Proquest Black Studies combines primary and secondary sources, leading historical Black newspapers, archival documents, government materials, video, writings by major American Black intellectuals and leaders, and essays by top scholars in Black Studies. Years of coverage include 1650 to the present.
Why Should You Use This?
Anyone looking for primary sources in African American studies should start here. Proquest Black Studies provides access to a wide range of primary sources under one platform. You’ll find records of organizations including the Black Panther Party and the National Association of Colored Women’s Clubs Records, 1895-1992. Jump start your research on historical figures (e.g., pilot Bessie Coleman) by browsing the Featured People list. You can also search the full text of eleven historical Black newspapers.
Documentaries, speeches, interviews, newsreels, and other types of videos are added features. I enjoyed watching Langston Hughes reading his poem “The Weary Blues” accompanied by a jazz band.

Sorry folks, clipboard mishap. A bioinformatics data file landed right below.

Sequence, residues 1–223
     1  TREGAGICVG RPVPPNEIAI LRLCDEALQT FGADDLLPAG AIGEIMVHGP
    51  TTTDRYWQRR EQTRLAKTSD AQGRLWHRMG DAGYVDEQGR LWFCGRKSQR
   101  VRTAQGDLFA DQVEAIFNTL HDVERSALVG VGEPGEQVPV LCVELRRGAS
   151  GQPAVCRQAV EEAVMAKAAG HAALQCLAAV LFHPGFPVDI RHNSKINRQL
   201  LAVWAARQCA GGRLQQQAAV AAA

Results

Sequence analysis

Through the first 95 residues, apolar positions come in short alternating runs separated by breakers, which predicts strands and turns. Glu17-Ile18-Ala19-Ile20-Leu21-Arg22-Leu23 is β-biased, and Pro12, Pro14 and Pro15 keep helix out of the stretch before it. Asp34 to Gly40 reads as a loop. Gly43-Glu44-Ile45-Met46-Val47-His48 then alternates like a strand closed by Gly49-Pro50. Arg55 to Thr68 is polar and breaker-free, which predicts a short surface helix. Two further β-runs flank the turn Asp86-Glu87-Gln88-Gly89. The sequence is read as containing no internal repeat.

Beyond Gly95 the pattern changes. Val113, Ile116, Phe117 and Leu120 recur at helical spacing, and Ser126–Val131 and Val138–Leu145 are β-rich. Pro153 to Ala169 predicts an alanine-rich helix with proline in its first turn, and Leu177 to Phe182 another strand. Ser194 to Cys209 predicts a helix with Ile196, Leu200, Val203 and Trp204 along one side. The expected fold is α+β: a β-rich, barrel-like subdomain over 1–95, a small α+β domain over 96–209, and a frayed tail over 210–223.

You can search the entire database for any terms you want to find, but choose the Basic Search page for an overview of the types of collections available and choices for browsing.
Other online primary source databases for African American studies include African American Communities (focusing on Atlanta, Chicago, New York, and North Carolina) and HistoryMakers Digital Archive (video oral histories of African Americans). You’ll find more on our Research Databases page.
Contact Heather Martin, Librarian for African and African American Studies.